these data that for forecasting intervals up to 4 days the SD of normalized errors of b_{1} and b_{2}
parameters change nearly linearly in the range of values from (0.20.3) to (0.50.6). The errors in the forecasting of the solar activity are slightly greater. For the geomagnetic index,
the corresponding characteristics vary from 0.80 to 1.0. It is natural that, later on, as the
forecasting interval increases, the SD of normalized errors of all parameters tends to the value
of 1.0. The average values of normalized errors in all cases are much lower, than the standard
deviations.
Thus, the presented results testify to a rather high efficiency of the application of the
vectorial autoregression equations for shortterm (up to 4 days) forecasting of density
corrections. As compared to forecasting without density correction (SD(…)=1.0), the errors
of calculations of b_{1} and b_{2} parameters decrease 25 times for the forecasting interval of 1
day and 2 times – for the forecasting interval of 2 days. For forecasting intervals of 10 days,
the application of the autoregression equations results in about 15% decrease in the errors as
compared to calculation versions without density corrections.
Figures 26 and 27 show examples of forecasting the b_{1} and b_{2} parameters and their
comparison with accurate (known) values. The data of these figures demonstrate the
possibilities of application of the autoregression equations for forecasting these time series.
The account taken of previous values of the state vector (in this case  for two time instants)
and general (averaged) statistical laws does not allow the prediction of the random (not
regular) variations of parameters.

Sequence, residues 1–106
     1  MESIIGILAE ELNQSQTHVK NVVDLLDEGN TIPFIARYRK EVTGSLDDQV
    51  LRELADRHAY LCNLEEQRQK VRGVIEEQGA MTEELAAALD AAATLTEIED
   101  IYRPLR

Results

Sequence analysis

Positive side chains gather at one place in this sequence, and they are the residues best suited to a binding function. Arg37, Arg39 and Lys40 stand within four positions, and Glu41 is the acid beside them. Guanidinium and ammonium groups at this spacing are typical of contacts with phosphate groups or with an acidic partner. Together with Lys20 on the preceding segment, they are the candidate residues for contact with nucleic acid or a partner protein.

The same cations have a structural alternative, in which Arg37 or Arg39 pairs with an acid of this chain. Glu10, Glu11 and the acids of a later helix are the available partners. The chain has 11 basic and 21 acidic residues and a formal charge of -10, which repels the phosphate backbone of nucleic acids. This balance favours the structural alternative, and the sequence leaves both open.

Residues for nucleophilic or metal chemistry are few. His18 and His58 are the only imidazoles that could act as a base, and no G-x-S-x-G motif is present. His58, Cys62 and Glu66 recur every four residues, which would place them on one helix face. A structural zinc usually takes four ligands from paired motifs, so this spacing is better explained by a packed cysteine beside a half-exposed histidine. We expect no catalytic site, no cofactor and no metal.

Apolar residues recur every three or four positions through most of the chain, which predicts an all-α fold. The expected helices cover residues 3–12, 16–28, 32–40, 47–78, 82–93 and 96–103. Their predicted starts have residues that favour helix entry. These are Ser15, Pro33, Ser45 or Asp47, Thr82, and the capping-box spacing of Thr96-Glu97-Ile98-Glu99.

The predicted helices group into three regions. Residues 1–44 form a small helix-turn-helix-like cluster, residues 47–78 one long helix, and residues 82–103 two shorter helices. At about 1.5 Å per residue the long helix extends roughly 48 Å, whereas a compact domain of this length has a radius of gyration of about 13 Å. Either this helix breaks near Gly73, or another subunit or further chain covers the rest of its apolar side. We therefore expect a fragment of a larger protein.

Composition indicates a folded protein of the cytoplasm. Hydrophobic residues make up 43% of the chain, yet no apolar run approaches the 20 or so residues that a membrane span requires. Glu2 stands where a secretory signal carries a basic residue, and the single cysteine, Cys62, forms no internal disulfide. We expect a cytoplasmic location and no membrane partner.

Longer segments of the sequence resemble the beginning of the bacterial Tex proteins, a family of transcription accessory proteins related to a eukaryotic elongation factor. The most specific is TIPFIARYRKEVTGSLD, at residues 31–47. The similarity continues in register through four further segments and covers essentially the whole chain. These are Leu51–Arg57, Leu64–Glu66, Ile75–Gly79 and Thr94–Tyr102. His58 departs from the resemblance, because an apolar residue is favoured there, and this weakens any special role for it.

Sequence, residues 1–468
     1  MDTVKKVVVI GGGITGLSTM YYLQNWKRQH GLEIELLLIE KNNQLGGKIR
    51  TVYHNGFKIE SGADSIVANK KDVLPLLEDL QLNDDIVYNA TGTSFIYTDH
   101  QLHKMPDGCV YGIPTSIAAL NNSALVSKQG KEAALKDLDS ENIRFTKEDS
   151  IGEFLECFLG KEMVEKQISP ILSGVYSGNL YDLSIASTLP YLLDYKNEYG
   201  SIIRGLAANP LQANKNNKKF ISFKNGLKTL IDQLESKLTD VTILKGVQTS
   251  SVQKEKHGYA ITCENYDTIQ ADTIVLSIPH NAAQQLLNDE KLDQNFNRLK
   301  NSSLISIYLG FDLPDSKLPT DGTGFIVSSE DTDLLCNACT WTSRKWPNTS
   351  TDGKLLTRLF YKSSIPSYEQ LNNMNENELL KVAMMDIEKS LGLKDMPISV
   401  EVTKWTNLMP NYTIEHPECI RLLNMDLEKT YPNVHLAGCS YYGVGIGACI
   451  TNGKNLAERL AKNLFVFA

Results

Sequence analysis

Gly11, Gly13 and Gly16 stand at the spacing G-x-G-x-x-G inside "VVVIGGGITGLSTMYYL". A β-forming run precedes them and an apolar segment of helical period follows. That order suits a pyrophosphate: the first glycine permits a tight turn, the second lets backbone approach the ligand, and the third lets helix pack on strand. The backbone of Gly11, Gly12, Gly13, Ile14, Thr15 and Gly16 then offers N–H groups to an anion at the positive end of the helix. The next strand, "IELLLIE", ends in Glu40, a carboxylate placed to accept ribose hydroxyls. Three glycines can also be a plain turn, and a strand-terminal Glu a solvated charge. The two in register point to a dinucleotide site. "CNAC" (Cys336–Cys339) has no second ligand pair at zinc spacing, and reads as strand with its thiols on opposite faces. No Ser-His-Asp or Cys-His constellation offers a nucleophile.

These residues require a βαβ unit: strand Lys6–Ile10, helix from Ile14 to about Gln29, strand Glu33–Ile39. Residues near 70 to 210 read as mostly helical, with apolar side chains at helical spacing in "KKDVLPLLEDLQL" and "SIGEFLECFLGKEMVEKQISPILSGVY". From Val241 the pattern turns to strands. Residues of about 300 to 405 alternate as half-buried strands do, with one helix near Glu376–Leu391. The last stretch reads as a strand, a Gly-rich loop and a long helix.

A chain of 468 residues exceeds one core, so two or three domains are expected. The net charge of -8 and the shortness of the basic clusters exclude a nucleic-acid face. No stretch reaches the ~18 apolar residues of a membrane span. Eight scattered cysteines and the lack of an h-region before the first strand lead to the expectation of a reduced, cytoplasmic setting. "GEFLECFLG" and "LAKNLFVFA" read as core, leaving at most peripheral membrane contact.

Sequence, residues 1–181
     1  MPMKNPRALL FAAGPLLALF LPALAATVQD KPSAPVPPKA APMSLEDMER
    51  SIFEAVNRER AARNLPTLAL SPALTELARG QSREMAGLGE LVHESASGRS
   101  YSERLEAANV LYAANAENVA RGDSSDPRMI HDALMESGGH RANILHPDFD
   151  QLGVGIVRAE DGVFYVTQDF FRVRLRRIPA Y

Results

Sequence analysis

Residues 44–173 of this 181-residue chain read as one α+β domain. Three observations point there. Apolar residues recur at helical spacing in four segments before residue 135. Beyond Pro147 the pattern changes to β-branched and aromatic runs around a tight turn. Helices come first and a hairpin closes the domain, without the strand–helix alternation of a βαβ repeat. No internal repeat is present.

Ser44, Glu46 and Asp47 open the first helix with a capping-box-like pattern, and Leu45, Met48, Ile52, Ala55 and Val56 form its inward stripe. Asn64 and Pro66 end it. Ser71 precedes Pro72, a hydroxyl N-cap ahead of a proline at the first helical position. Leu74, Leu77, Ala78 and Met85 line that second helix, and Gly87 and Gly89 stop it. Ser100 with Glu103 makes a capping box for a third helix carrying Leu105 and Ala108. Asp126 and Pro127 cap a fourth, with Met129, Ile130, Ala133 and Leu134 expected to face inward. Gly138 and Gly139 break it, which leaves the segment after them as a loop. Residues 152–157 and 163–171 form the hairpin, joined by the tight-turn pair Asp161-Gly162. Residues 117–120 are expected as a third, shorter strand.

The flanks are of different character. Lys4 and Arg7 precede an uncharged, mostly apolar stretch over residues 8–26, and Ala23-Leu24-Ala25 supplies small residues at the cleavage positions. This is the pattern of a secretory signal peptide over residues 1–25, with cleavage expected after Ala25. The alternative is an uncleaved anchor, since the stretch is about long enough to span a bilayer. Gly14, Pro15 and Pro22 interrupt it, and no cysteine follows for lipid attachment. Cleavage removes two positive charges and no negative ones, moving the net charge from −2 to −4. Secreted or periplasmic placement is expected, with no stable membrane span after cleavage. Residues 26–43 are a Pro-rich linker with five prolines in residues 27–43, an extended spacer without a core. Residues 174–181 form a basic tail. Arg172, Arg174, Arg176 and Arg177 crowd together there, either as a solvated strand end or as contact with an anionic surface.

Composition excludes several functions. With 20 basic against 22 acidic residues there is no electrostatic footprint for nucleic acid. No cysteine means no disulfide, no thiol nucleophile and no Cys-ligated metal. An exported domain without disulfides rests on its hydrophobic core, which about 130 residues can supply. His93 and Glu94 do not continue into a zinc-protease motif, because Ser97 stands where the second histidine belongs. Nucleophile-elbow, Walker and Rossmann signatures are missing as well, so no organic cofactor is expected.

In carrying out calculations by the second version of the test protocol, the forecasting
results for the first 100 steps after starting were not included in the statistical error data,
Equation (9). The statistical characteristics of the normalized errors (the average values and
standard deviations) were determined on the basis of forecasting results related to the time
interval beginning 110 days after starting (1350 realizations).
Figures 28 and 29 show the results of forecasting both the b_{1} and b_{2} parameters and comparison of the forecasts with the corresponding true data. One can see from the presented
results that, on the average, the forecasted values of parameters are lower than the observed
variations. Besides, in some cases, essential divergences between their general behaviors are
observed. In particular, in JuneAugust of years 2001 and 2002 the forecasted values of
parameter b_{2} are positive, whereas the observed (true) values are negative. However, such a
divergence is absent in the data for year 2003: rather good agreement is observed in this case.
As an example, for the time interval from November 15, 2002, to January 14, 2003, the
corresponding results are presented in Figures 30 and 31 in a larger scale. These data show
once again, that the forecasting of b_{1} and b_{2} parameters without taking into account their
current estimates (i. e. based on the data on solar and geomagnetic activity only) does not
allow one to obtain an acceptable agreement between the predicted and true values. Table 3
shows the summary statistical characteristics of forecasting results.
For correct interpretation of the Table 3 data one should remember that the estimates of
b_{1} and b_{2} parameters were determined by means of longterm forecasting, whose results
depend on the current values of solar and geomagnetic activity only. The forecasting of
F_{7.10} and K_{p} parameters was carried out for one step (1 day) only. After this, the true values
were used as the initial data for forecasting. So, the statistical characteristics for these
parameters were obtained by forecasting for 1 day.
Table 3. Statistical characteristics of normalized errors (Case 2)
The following conclusions arise from the results of the second version of calculations:
4. APPLICATION OF THE ARIMA MODEL TO ANALYZE AND FORECAST THE TIME SERIES OF DENSITY CORRECTIONSThe task we consider in this section is formulated as follows: to construct simple scalar
models describing the b_{1} and b_{2} time series of density corrections for the NRLMSIS00
model, to smooth them and to predict the future values of the time series using observations
up to the current time instant. Unlike the previous section, where the autoregression model
was used, we now use the ARIMA methodology for the solution of this task. The ARIMA
model describes the consecutive elements of the series in terms of specific, timelagged
(previous) elements (the Autoregression hereafter) and a linear combination of moving